Caleb Bradford, a rising senior majoring in computer science at ODU, researched tweet attributions from screenshots. Screenshots of tweets are found not just on Twitter but on all social media.

They "are extremely prevalent because it's one of the only ways to cross share between platforms," Bradford said.

In the program he learned that disinformation is "someone with malicious intent trying to gain something by spreading information intentionally. Tweets can very easily be fabricated or altered, so this project is about, from a screenshot of a tweet, how can we verify that that's an actual tweet that can be actually attributed to that person," said Bradford. "We're not focused on whether or not the tweet in question is true or not. We're questioning whether or not it was made."

With the help of his mentor, Professor Michael Nelson, Bradford has learned how to fact-check screenshots using Python programming language.

"There are so many tweets from politicians that are fabricated, whether it's for satire or not, but a lot of them definitely are also meant for disinformation, malicious intent," Bradford said.

In his research he has seen disinformation spread like wildfire.

"I've seen reputable people share screenshots of a tweet thinking that it is real, but it's not," said Bradford.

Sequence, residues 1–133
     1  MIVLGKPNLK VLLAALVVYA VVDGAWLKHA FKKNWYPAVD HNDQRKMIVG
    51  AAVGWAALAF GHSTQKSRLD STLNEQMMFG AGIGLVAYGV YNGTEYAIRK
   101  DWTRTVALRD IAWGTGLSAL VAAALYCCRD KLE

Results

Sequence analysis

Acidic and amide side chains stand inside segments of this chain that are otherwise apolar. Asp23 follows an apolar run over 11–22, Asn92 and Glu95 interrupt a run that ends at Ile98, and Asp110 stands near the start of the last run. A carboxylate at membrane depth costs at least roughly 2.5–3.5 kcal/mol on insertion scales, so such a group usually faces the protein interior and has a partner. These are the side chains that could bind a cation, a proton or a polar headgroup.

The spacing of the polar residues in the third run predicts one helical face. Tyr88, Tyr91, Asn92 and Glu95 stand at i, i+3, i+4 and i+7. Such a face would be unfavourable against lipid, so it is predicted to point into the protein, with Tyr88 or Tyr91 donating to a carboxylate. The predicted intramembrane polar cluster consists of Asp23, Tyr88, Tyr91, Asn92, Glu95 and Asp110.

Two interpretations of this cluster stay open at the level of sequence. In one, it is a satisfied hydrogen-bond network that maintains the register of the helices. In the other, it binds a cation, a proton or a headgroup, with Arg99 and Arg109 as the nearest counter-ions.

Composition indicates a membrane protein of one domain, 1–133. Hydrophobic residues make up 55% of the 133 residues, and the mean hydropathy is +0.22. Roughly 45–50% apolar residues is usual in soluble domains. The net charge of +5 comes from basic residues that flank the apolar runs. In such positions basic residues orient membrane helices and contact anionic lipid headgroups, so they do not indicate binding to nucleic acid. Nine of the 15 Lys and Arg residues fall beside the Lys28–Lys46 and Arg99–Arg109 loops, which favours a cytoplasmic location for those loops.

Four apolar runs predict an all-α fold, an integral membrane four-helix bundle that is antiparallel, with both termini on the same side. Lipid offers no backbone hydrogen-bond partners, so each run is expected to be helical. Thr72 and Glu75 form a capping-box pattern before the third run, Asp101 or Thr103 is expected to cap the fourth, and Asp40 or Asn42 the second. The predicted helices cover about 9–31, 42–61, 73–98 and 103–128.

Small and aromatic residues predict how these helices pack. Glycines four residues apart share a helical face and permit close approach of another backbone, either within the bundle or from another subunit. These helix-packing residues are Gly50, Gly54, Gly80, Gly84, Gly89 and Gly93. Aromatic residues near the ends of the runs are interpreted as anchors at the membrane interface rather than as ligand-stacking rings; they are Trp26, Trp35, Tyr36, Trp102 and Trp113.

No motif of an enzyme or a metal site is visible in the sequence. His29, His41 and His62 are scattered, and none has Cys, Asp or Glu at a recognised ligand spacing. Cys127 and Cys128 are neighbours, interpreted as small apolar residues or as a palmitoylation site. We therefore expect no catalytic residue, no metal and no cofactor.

Another REU participant, Ethan Landers, is a rising junior in ODU's Computer Science Department. His summer research focused on an assessment of scientific claim verification models.

"Basically, what that means is that there's an emphasis for the automation of labeling scientific claims in general of whether they contain disinformation or not," Landers said.

Since the pandemic, many models have been created to detect disinformation regarding COVID claims. The models provide a true or false label and an abstract rationale that defends the label.

"The goal for my project was to be able to test these models with more generalized science claims and see how effective they are in detecting COVID-related fake scientific news," Landers said. "We want to hopefully be able to see if these models can detect generalized data."

More important, he has learned that "disinformation is the mal-intent, purposefully spreading false information to gain some type of advantage and also sway people a certain way, in favor of oneself or some party."

He believes it is spreading rapidly.

"It is good that this program exists to just conduct further research on the topic and hopefully find ways to prevent it," Landers said.

Working alongside Jian Wu, assistant professor and co-principal investigator for the REU, has been a game changer for Landers. He is an online student, and this was his first time not only doing research of this magnitude but being on campus and fully interacting with his peers, graduate students and computer science faculty.

Working one-on-one with global experts here at ODU has changed some students' plans. After Bragg graduates from CNU in the spring of 2023, she is planning to purse a master's degree at ODU. Bradford has been offered a position as a research assistant with Professor Nelson.

"I am amazed that the students and mentors accomplished impressive projects during the intensive nine weeks," Assistant Professor Wu said. "I could see they both put lots of effort to make this program effective and fruitful."